15 February 2012


Ophelia, you must remember...

What should Ophelia remember? When I couldn't get 'Ophelia' by Tori Amos out of my head I started wondering such things. And I decided to read Hamlet.

Comparing song lyrics to their literary inspiration is asking for trouble; there are many steps in which unchecked interpretation takes place. But it’s an interesting exercise. So what was it again the song says about Ophelia? The relevant passages are the following:

Ophelia your secret is safe
Ophelia you must break the chain
Some girls will get their way
Some fathers will control from the grave
Ophelia you must remember

"The Eve of St. Agnes",
A poem he can't reach you in
Ophelia you know how to lose
But when will you learn to choose
Those men who choose to stay
Those mothers who won't look the other way
Ophelia you must remember

Some of it I still don’t get. Of course; it’s a Tori Amos song. But in the light of Ophelia being rejected by Hamlet after he has been summoned by his murdered father to revenge him might explain the 3rd and 4th line. And would her secret be that she committed suicide? It’s not perceived as very secretive in the play. 

And when I came to what here is the second verse I had to, of course, also read "The Eve of St. Agnes", by Keats. That poem relates to a myth that claims that unmarried maidens who stick to some rules, such as going to bed without dinner, and not looking back, will get a vision of their future love in their dreams on that special night. One besotted young man sees a possibility there: he sneaks into his love’s bedroom’s walk-in cupboard, and he wakes her up to provide her with a waking dream of what he hopes will be her future love. And it works! Alas; no such luck for Ophelia, evidently…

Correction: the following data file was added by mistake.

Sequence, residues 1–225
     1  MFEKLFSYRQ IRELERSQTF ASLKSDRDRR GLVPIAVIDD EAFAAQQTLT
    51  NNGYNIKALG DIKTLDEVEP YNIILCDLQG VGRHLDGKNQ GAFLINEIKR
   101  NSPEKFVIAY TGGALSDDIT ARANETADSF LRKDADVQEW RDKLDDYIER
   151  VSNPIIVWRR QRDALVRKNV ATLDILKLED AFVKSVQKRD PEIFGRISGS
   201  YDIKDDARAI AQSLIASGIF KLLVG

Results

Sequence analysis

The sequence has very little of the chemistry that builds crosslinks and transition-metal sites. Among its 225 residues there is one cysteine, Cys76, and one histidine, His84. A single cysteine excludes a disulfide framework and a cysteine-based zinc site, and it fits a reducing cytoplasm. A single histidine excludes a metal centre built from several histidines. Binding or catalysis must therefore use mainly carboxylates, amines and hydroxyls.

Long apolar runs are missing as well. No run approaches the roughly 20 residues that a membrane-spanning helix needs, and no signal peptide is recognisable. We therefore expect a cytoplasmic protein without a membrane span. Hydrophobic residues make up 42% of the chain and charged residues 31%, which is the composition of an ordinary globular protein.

Ophelia lost; she lost her lover, her father and her senses. And her life. The next line reeks of cheesy rhyming, but let’s look past that. What choice did Ophelia have? Could we do better in her shoes?
There wasn’t much she could have done to prevent being ditched by Hamlet. There wasn’t much she could have done to prevent Hamlet from murdering her father. But she could have chosen to break the chain; take these misfortunes on the chin, get on with life, and not add one more to the rapidly growing pile of corpses. It’s fat chance with Shakespeare that would indeed have meant entirely breaking the chain of violence; too many men had too much at stake. But one can try. And Hamlet couldn’t reach her at the Eve of St Agnes, but maybe someone else would have. A more forgiving playwright might have made her dream of Fortinbras, the Prince of Norway, and in a way Hamlet’s successor…

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